Research Feature

Robotic lab on wheels offers safe, fast and accurate COVID-19 testing

A state-of-the-art diagnostic van can test up to 2,000 people a day, return results within 45 minutes with  a very high sensitivity( limit of detection of 150 copies/mL), and reduces contact risks.

A new laboratory-on-wheels developed by Tsinghua University scientists allows for fast-turn around and highly-accurate COVID-19 testing, without the stress and risk of people with suspected coronavirus infections having to travel and wait long for a diagnosis.

Equipped with oropharyngeal (middle throat) swap sampling robots, a new type of virus inactivation device, integrated microfluidic nucleic acid analyzers and a 5G communication system for automated result reporting, the small-footprint mobile testing van can deliver results in under 45 minutes, with almost 100% accuracy and minimal human involvement.

At this point in the COVID-19 pandemic, the coronavirus is largely under control in China and in parts of the world that adopted aggressive containment measures, notes Jing Cheng, who headed  the development of technology at Tsinghua. But outbreaks still flare up occasionally, demanding quick, accurate local testing responses - which is where the COVID-19 Mobile Laboratory comes in.

Biosafety first

Technologies that streamline and contain the complete workflow of the molecular diagnostic assays set the laboratory apart from others like it. “Unlike conventional systems that simply adopt the layout and instruments of typical biological laboratories to construct a ‘laboratory-on-a-truck’, our mobile laboratory uses state-of-the-art robotics and microfluidic technologies to create a system of automated and contained sample acquisition and processing,” explains Cheng.

The COVID-19 Mobile Laboratory is equipped with a six-axis robotic arm, a biosafety cabinet, quick pathogen inactivation device, microfluidic nucleic acid analyzers, and a 5G enabled information system to report results.

“The industrial design takes biosafety and functionality into consideration, enabling highly automated and self-sustained nucleic acid testing within a compact footprint,” explains Cheng, who is a member of the Chinese Academy of Engineering, director for National Engineering Research Center for Beijing Biochip Technology,and CEO for CapitalBio Corporation, a company that helped with the van’s development.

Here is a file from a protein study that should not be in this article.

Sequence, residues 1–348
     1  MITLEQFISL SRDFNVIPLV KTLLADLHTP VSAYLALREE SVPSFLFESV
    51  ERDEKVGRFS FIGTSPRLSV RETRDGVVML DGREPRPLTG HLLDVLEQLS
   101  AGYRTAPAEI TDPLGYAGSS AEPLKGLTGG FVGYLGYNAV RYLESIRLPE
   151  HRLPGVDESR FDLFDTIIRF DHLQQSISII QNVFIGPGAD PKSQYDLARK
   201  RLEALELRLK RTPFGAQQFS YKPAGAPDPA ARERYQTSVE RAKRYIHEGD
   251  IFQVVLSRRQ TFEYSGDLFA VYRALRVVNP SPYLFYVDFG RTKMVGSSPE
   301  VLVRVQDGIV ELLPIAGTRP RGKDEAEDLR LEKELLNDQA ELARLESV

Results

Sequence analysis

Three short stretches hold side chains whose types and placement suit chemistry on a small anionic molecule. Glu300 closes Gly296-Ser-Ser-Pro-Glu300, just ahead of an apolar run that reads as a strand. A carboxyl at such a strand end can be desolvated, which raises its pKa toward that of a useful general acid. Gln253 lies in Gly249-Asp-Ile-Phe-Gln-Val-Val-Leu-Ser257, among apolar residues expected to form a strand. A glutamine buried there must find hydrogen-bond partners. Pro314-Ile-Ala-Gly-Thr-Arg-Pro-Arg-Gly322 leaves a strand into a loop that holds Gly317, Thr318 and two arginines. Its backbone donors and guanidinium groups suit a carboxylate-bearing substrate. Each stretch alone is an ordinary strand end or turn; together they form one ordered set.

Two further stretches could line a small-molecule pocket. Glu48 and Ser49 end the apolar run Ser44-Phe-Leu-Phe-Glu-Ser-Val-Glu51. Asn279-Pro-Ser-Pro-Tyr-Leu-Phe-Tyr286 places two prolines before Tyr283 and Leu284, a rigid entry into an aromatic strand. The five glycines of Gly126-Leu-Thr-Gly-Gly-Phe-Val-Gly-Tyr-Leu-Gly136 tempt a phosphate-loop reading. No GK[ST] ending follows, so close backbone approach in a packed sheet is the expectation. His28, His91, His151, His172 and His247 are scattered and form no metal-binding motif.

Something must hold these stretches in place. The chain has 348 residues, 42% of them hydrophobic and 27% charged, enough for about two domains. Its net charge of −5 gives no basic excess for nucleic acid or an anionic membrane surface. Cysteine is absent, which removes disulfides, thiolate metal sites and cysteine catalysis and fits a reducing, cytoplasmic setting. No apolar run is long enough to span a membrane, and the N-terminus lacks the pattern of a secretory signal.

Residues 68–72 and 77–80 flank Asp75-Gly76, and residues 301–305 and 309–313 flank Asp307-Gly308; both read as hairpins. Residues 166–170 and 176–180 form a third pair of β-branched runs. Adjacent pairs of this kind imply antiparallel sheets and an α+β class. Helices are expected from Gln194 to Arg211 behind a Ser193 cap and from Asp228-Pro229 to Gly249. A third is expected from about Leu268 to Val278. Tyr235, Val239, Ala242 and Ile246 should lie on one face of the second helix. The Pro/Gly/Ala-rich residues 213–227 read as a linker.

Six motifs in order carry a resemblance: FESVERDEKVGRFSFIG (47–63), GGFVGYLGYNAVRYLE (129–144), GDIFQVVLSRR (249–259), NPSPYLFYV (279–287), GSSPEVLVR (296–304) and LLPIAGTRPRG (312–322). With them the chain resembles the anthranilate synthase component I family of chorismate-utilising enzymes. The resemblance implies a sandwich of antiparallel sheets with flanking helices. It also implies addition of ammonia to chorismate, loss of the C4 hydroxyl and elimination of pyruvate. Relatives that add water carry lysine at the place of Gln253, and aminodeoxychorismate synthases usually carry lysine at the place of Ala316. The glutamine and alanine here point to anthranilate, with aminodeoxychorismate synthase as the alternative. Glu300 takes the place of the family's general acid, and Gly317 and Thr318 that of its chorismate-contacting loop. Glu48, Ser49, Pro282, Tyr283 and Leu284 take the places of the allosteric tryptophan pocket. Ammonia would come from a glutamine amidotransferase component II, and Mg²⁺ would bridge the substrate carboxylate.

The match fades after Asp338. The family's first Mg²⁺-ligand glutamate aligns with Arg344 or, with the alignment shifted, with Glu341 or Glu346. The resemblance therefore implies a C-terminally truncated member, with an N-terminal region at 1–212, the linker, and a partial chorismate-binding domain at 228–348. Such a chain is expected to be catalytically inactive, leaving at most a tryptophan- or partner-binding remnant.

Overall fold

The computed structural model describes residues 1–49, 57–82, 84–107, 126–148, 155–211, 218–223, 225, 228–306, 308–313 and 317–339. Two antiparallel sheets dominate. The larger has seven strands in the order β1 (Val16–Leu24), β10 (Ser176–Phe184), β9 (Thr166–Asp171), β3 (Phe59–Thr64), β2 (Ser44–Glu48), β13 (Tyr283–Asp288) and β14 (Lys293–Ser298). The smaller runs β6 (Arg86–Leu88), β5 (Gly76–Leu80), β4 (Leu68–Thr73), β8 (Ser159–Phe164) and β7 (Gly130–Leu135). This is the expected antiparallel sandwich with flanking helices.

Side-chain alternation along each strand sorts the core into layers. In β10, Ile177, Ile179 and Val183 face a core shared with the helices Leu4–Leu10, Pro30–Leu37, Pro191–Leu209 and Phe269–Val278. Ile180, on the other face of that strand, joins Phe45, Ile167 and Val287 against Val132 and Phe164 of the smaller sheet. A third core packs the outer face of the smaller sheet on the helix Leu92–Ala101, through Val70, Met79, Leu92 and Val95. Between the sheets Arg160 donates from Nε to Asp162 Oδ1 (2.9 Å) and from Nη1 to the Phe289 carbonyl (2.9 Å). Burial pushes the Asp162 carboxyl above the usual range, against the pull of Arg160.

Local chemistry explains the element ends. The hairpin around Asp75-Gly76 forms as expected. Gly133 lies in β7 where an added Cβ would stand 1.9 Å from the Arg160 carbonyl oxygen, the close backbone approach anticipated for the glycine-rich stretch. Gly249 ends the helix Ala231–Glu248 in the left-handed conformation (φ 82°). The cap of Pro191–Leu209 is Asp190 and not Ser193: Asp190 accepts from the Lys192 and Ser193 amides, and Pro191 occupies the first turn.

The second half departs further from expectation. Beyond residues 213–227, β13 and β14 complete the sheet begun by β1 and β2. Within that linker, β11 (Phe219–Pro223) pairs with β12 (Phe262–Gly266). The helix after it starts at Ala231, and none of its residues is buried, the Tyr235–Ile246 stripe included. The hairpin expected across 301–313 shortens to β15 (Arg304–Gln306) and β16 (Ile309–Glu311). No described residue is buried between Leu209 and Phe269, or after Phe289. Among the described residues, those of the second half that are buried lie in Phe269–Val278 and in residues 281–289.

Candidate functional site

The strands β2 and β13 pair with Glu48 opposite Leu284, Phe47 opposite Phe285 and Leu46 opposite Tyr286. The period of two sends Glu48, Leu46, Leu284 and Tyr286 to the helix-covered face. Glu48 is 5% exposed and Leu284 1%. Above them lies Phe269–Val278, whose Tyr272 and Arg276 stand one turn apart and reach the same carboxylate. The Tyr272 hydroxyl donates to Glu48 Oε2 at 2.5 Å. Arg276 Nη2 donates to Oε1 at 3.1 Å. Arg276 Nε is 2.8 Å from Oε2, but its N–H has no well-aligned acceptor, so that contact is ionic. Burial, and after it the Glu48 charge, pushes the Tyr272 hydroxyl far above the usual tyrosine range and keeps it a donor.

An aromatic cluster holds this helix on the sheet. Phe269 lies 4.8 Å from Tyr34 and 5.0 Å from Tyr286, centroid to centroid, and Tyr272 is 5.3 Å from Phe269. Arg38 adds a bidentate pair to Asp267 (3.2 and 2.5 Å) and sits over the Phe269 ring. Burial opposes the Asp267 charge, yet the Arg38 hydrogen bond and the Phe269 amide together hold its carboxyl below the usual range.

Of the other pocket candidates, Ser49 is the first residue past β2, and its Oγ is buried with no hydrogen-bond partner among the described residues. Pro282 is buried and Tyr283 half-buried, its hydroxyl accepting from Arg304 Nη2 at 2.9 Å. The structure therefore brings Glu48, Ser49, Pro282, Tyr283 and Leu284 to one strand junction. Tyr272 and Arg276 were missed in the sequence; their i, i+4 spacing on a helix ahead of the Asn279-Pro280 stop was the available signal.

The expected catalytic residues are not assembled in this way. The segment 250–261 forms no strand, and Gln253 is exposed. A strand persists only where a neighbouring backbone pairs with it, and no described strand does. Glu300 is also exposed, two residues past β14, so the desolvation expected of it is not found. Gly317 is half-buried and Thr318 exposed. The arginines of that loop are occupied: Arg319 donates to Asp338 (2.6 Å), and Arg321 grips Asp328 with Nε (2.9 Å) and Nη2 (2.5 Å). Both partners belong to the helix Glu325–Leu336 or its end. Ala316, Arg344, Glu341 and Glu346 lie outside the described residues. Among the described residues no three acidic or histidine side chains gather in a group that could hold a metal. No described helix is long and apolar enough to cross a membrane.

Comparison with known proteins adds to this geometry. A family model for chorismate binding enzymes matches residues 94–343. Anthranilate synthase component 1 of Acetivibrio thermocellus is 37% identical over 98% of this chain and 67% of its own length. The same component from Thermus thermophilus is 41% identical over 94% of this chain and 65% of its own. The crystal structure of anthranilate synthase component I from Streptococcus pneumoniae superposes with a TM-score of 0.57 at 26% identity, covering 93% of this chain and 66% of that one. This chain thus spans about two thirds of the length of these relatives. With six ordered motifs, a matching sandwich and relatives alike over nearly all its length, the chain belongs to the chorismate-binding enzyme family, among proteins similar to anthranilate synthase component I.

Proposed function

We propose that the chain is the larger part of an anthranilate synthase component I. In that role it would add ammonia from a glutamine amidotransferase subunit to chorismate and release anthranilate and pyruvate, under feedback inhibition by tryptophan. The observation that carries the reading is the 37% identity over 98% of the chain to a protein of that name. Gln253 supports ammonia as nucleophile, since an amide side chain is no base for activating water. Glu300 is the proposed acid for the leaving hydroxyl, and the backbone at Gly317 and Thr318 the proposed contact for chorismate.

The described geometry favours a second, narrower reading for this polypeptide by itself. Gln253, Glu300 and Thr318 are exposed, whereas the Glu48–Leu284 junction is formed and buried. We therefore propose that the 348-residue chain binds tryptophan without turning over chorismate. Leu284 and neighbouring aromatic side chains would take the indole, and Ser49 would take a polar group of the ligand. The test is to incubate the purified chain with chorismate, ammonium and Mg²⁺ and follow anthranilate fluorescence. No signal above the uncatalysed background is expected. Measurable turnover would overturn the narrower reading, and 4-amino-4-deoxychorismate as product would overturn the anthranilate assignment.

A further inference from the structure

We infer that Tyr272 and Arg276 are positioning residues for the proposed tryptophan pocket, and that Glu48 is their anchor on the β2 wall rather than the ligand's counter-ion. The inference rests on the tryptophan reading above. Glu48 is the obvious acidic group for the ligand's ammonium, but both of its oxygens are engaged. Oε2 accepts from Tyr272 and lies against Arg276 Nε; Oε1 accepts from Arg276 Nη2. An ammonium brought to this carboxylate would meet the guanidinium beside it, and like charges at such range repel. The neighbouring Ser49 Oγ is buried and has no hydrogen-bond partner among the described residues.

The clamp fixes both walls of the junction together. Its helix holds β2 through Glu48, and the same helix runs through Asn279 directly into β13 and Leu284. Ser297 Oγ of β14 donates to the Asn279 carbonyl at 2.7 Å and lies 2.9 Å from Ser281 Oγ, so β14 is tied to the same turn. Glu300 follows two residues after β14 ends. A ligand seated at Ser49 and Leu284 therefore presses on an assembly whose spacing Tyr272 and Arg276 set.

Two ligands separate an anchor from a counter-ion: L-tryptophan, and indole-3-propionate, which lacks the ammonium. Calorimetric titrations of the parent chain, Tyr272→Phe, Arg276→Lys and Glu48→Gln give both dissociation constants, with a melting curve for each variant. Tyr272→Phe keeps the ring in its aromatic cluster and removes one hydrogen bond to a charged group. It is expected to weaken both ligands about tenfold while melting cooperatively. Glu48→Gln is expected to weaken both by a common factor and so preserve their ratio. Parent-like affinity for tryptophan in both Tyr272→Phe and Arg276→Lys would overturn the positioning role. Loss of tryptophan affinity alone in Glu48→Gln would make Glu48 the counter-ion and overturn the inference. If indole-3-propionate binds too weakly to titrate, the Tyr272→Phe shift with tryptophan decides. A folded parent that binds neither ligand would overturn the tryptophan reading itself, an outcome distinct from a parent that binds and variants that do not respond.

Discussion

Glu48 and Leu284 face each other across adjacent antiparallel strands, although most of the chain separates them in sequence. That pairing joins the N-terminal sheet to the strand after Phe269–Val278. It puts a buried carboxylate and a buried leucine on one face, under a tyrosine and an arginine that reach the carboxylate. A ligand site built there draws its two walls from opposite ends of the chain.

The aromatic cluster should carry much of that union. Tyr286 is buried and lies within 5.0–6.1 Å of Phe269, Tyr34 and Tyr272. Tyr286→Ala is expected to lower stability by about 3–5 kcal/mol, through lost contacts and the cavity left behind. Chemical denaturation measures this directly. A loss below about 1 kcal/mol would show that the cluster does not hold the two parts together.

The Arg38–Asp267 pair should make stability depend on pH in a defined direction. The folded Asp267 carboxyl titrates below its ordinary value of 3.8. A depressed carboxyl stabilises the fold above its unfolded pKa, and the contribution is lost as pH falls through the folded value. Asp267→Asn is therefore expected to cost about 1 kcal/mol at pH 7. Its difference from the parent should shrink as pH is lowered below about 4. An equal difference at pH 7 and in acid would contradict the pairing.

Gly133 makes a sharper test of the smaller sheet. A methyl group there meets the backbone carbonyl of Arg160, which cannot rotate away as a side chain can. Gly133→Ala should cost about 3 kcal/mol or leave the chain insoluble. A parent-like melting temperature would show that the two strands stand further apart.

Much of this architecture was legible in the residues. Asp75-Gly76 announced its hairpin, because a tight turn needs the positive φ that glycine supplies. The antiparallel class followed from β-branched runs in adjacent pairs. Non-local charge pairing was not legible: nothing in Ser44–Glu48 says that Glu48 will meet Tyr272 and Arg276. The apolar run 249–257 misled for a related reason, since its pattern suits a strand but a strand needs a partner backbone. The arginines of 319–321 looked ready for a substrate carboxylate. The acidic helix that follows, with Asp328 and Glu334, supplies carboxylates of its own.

The microfluidic component of the van, for example, can extract and amplify coronavirus RNA much quicker than other genetic analysis instruments. The thermoelectric inactivation device, which relies on infrared radiation to precisely control sample temperatures, ensures biosafety without compromising the integrity of pathogen nucleic acids. And the six-axis sampling robot arm, guided by a digital camera with a force feedback system, can swab the oropharynx with minimal discomfort for test participants.

The mobile laboratory is also equipped with cables for plugging into a municipal electric supply, along with a power generator capable of delivering backup power. Plus, there are ventilation systems for both the biosafety cabinet and the laboratory cabin, and a water distribution system to avoid cross-contamination. In total, it can provide on-site tests for up to 2,000 people daily, requiring only  two lab technicians and a driver for its operations.

Validated design

Cheng and his colleagues clinically validated their mobile testing set-up on more than 700 clinical samples collected from patients across China. Compared to the gold standard PCR testing platform, the Tsinghua system yielded the same result roughly 99% of the time, demonstrating the feasibility and accuracy of the approach. The researchers detailed their findings and experimental design in the journal Clinical Chemistry.

“The small footprint mobile testing facility enables molecular diagnostics outside people’s homes,” Cheng says. “In this way, not only can we save the time and identify potential patients on-site, but also reduce the risk of contamination during sample transportation to central laboratories.”


Xing, W., Wang J., Zhao, C., Wang, H., Bai, L. et al. A highly automated mobile laboratory for on-site molecular diagnostics in the COVID-19 pandemic. Clinical Chemistry 67, 672–683 (2021)

Editor: Guo Lili

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